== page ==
SAP Calculations assess the energy efficiency of any property that is new build, or converted from an existing building into residential dwellings, It ensures that all residential dwellings comply with Building Regulations Approved Document Part L1a (New Build) or Approved Document Part L1b for conversion projects,
SAP (Standard Assessment Procedure) is the calculation method to determine the dwellings C02 emissions, Fabric efficiency and energy usage costs. Below outline how the SAP Calculations process works
The first step in the SAP calculations process, is to calculate the dimensions of the property, this is done by using architectural drawings that are to scale. measurements are taken for floor areas, wall areas, roof areas as well as glazing areas and door areas. this step is completed to model the dwelling to scale and account for all of the thermal elements within the dwelling of which heat will be lost through.
Once an accurate representation has been calculated of the dwelling in the form of ‘exposed thermal elements’ as above, The next step would be to calculate how thermally efficient these elements are. in order to calculate how thermally efficient a wall/floor/roof element is, a U-Value calculation must be carried out. A U-Value calculation will show how well the element will retain heat.
U-Values are completed by modelling the construction of each element along with the lamba values for each element. Lamba values can be found on product technical data sheets or from the product manufacturer and are displayed in W/m2K. An example construction may look like the below
Example Wall Build up
-105mm Facing Brickwork
– 100mm PIR Insulation in cavity
– 100mm lightweight blockwork
– 12.5mm Plasterboard, Dot and dabbed to blockwork
– 3mm Lightweight plaster
Once the U-Value calculations of the thermal elements are complete, we are starting to build a representation of how the building as a shell will retain heat.
Once the calculations & U-values are complete, the ‘openings’ must not be inputted into the model that is being created of the dwelling, Openings are windows and doors that are within the thermal elements. Windows and doors are classed as ‘weak points’ in the structure as the U-Values are higher than that of walls/floors/roofs (Note: The lower the U-Value figure, the better thermal values the element has!) an example of this would be that a wall could have a U-value of 0.28W/m2K, where are windows in a dwelling may have a U-Value of 1.6W/m2K.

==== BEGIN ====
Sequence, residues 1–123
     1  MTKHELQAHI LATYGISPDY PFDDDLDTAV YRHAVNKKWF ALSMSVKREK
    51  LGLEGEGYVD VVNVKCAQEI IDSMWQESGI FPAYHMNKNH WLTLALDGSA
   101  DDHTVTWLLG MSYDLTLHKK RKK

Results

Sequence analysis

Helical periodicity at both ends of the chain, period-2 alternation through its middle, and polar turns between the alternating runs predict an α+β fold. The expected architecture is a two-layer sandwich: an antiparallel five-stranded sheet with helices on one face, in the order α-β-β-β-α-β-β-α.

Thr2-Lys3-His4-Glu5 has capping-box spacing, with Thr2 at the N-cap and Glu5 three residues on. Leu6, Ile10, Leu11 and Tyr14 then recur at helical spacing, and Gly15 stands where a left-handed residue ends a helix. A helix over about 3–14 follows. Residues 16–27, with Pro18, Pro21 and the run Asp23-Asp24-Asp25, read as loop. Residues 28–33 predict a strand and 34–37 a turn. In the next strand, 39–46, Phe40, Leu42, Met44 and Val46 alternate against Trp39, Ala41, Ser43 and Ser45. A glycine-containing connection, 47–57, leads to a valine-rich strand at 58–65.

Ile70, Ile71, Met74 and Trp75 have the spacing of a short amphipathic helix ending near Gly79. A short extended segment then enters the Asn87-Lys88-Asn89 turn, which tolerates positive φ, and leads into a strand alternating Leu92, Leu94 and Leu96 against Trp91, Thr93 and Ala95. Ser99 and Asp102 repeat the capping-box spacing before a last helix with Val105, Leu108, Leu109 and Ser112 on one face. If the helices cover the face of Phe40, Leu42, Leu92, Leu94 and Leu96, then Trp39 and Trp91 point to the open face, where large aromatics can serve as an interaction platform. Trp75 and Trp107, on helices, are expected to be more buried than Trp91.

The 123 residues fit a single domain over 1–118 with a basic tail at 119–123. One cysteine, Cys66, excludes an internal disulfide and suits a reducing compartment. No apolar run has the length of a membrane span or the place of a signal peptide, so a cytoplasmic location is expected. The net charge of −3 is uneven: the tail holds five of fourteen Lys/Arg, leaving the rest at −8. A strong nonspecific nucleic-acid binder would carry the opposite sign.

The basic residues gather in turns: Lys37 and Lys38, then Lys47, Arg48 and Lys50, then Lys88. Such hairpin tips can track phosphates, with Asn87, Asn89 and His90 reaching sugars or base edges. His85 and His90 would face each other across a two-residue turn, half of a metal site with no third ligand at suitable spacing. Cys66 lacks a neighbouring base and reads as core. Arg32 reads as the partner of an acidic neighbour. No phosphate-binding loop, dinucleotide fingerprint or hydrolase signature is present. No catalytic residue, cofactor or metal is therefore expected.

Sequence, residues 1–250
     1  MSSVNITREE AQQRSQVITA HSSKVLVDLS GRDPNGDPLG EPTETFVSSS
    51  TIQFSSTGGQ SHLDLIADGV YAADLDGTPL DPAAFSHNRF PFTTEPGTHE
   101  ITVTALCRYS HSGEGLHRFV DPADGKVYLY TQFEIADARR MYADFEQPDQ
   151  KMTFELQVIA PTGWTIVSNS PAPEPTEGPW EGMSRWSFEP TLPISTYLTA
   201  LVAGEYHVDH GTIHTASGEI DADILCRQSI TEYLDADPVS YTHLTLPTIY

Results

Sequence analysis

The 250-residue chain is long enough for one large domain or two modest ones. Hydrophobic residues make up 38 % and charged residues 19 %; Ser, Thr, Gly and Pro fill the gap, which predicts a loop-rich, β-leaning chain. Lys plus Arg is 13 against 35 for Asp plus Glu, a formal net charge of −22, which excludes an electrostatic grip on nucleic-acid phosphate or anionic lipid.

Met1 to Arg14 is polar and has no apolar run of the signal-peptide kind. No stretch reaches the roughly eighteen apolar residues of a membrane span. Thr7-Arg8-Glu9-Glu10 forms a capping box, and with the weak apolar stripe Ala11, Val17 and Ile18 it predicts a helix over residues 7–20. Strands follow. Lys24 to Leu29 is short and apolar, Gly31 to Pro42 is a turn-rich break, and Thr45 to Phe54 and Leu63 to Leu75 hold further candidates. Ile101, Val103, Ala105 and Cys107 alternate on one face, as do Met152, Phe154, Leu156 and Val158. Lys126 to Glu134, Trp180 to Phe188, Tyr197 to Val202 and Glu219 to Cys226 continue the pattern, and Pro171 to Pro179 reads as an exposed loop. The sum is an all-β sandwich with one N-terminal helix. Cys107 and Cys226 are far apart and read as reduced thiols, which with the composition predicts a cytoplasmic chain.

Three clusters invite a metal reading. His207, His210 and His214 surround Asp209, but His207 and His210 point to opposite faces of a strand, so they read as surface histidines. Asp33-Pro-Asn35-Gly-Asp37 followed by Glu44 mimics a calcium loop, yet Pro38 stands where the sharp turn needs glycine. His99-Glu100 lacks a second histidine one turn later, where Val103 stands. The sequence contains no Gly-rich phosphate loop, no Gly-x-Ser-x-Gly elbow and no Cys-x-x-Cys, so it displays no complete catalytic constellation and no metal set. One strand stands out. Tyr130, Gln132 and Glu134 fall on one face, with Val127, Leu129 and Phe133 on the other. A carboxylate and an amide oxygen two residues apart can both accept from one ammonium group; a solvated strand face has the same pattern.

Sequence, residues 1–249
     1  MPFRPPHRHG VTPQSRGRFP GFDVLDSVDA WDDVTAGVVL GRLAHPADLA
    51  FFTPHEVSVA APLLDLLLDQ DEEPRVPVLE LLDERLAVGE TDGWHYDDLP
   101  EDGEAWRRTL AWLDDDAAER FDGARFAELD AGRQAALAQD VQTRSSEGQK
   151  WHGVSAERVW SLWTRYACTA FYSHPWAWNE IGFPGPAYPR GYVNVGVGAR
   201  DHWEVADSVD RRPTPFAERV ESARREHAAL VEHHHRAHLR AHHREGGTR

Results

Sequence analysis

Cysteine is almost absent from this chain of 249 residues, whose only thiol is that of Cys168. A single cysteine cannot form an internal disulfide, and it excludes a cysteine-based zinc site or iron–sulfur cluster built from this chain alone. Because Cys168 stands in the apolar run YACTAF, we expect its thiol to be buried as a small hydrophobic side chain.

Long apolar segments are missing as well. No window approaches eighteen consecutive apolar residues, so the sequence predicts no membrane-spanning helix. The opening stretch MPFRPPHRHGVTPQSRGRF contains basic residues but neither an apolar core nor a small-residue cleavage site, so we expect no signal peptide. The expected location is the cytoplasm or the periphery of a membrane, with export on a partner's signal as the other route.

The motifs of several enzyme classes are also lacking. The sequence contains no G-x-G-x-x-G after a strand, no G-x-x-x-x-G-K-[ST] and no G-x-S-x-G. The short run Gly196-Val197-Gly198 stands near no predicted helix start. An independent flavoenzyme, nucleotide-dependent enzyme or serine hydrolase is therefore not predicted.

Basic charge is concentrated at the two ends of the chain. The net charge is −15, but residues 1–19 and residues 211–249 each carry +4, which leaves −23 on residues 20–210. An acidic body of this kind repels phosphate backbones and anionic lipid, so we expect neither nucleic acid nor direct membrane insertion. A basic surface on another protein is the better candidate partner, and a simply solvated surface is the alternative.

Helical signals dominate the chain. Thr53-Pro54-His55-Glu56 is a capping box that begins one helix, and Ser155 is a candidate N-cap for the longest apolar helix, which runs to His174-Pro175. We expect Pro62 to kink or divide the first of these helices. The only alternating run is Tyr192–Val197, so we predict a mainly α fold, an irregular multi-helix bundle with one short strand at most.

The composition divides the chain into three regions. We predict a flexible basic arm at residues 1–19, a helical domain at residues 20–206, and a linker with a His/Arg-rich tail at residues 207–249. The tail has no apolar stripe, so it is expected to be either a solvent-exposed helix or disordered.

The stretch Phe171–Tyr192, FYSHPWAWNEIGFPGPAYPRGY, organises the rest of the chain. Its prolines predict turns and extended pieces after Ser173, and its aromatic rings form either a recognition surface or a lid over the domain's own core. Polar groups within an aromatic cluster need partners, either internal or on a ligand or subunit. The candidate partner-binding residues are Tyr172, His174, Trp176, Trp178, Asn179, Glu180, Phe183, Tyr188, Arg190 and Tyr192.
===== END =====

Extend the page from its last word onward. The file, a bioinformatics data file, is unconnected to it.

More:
All of the windows, roof lights and doors will be inputted into the calculations along with the U-values for these elements, Again, these can be found in product data sheets or from the product manufacturer.
Now that the model we are creating of the dwelling has wall, floor, roof, windows and doors all with U-values, the next step would be to assess the Ventilation, Heating and Heating controls of the dwelling and water heating elements, The efficiency of the heating system plays a big part in achieving compliance, however the heating controls are equally if not even more important. At this stage the heating system and controls as well as any ventilation systems would be inputted into the calculations, we can now see how the dwelling contains heat as well as how efficiently is heats and controls the heat within the dwelling.
A key element of ensuring that the efficiency of a dwelling is maintained is the air permeability of the dwelling, also know as the air tightness, the air tightness of the dwelling plays a key part in ensuring that heat can be retained, if the U-values of the thermal elements and opening are performing to a high standard but the dwelling is not air tight, then the dwelling will leak heat. at a design stage, an air permeability target will be set, once the dwelling is complete, an air tightness test will be carried out to determine the result of the air test and this can then be inputted into the calculations at an ‘as-built’ stage, when looking to set and maintain an air tightness level, it is always important to consider the ventilation of the property at the same time, lack of ventilation can cause damp.
Once all of the above are complete, some final elements are added to the assessments, this includes the use of any renewable energy sources such as solar PV systems, or air or ground source heat pumps. Renewable energy can dramatically improve the energy efficiency of the overall dwelling.
Other elements considered are Low energy lighting, building type and orientation.
The above outline the process that will be taken when carrying out SAP Calculations on a new build dwelling, if you have any questions or would like to know more regarding how the process works or how to ensure compliance, visit www.vision-energy.co.uk or contact one of our technical team on 01625 315040